Hlaudi Motsoeneng says he does not need to be chief operating officer of the SABC to keep on transforming the lives of black people.
“Actually I don’t need that title to change South Africa,” said the SABC’s group executive of corporate affairs on the steps of the Western Cape high court in Cape Town.
“I just need myself to change South Africa,” said Motsoeneng.
Speaking after a round of rousing salutations from supporters, he said he was not worried about the Democratic Alliance’s court bid to have him kicked out of his job at the public broadcaster.
“The DA is so stressed, but I am not stressed,” he said waving his arms theatrically to the delight of the Friends of Hlaudi watching adoringly and echoing the last words of his sentences loudly.
They had waited outside in the icy wind that followed much-needed rain in Cape Town for a sighting of Motsoeneng, singing so loudly that they could be heard inside court one, which was jam-packed with lawyers.
“I can tell you today I’m very glad to come back here,” said Motsoeneng, who went from acting COO to COO then to group executive of corporate affairs in spite of findings by the public protector against him, previous SABC board chair Ben Ngubane and previous communications minister Dina Pule.
“I am very glad that [judge Dennis]Davis said … they should reappoint me to occupy the position of the COO as long as they can follow the process.
“And I am ready to apply and occupy that position,” he said, referring to a previous judgment by Davis saying his appointment was irrational, but that only a disciplinary inquiry could decide if he should be fired.
The subsequent internal disciplinary inquiry cleared him and he was moved up from acting COO to full COO, to the chagrin of the opposition party.
The DA believes he should go because the previous public protector, Thuli Madonsela, found that there was credence in complaints about him.
The protector found that he was dishonest about his matric certificate and got pay rises irregularly from R1,5m to R2,4m. He purged senior staffers, some of whom had complained about him, and had escalated the SABC’s salary bill by R29m by not following procedure when giving employees salary increases.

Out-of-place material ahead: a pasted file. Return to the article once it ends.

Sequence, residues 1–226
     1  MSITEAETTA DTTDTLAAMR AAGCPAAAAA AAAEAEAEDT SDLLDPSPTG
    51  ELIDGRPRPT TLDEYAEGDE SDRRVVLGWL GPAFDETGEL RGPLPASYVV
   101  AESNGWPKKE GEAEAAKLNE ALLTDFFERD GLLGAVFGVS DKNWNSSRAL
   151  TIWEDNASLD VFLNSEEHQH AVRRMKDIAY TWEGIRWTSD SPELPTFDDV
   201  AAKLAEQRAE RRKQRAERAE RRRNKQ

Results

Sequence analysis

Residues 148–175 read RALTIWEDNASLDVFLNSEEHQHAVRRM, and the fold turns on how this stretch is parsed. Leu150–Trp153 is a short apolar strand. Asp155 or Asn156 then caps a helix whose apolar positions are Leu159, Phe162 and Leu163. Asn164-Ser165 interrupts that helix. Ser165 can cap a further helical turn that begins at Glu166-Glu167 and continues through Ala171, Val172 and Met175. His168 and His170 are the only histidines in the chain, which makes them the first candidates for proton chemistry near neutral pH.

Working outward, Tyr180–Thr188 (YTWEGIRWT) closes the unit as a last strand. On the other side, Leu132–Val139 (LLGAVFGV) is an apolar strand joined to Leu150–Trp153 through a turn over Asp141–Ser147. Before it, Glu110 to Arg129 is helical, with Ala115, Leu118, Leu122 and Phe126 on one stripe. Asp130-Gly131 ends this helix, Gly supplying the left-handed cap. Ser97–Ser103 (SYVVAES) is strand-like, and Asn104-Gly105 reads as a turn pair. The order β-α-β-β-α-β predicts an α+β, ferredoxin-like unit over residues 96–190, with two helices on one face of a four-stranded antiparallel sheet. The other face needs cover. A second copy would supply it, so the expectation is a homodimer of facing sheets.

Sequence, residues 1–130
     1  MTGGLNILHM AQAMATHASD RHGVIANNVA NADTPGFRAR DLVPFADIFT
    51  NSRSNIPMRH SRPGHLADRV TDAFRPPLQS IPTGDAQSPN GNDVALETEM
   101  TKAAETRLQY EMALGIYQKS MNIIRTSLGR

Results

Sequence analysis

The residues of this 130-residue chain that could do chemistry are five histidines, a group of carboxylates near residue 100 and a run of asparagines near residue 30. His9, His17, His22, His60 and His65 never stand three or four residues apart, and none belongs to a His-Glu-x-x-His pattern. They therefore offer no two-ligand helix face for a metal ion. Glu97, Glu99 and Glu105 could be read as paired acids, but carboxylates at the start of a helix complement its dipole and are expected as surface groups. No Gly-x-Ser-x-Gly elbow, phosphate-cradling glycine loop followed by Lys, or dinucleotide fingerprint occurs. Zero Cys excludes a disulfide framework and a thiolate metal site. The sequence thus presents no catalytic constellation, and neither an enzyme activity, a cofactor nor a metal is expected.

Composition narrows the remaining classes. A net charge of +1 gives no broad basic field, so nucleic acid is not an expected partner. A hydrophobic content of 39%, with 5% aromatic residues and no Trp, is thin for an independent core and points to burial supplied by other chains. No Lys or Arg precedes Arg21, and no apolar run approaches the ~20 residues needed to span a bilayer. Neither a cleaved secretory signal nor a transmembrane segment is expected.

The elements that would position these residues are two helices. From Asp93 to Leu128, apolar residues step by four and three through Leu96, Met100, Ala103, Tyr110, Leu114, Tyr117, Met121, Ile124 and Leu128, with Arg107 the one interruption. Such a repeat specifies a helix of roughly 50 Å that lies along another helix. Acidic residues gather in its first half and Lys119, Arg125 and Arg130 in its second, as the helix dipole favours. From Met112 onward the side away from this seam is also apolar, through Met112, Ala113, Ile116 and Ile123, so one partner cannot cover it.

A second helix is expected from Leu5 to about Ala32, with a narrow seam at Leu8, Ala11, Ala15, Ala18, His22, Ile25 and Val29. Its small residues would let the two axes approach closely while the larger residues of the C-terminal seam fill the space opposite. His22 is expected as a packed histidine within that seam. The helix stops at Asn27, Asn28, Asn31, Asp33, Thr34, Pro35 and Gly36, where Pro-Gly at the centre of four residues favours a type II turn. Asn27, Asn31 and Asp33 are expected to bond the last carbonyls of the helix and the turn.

Motsoeneng’s supporters praised him for his transformation efforts, particularly his decree that 90% of the SABC’s content should be local. This includes music and television shows.
“Needle time royalties are being paid through his efforts,” said Dodo Monamodi of the Independent Music Performance Rights Association (Impra).
“We remember those days of one-year contracts,” said Setshwana Chabeti of the Friends of Hlaudi.
An application by Impra to be a friend of the court was dismissed earlier after judges Owen Rogers and Andre Le Grange said the case was about corporate governance, not about performers’ rights or transformation.
Impra advocate Richard Mkhabela said before the case was heard that he hoped to present submissions by artists indicating that they are happy that more royalties were now being distributed to local musicians and performers instead of global corporations that collect for overseas stars.
A similar application by former government spokesmann Jimmy Manyi’s Decolonisation Foundation and the Musicians Association of SA was also dismissed. Both said they also support Motsoeneng’s efforts to recognise local talent, indigenous culture and to make sure local artists get the lion’s share of the royalty’s kitty.
Former national director of public prosecutions Mokotedi Mpshe was representing the foundation and was ready to back up claims that Motsoeneng is a hero for supporting black talent.
Alice in Wonderland
The DA’s advocate, Anton Katz SC, said inside the court that he was “feeling like a stuck record” because the issue had dragged on for more than two years at a cost of R29m to the taxpayer.
The DA also wants Motsoeneng to pay the legal costs of the application out of his pocket. “It’s a charade,” Katz repeated over and over. “It is like Alice in Wonderland.”
But as far as Motsoeneng was concerned, it was the DA’s resistance to change that was the real problem. “I do understand the noise, where it is coming from,” he continued outside court. “The noise is coming from people who don’t support transformation and change.”
And if anybody thought he was getting tired of the whole thing, they were wrong. “I have more energy than yesterday. The DA should be ready. [It] is not going to be easy for them to get rid of Hlaudi. Hlaudi is capable of taking on the DA.”
The matter continues on Thursday.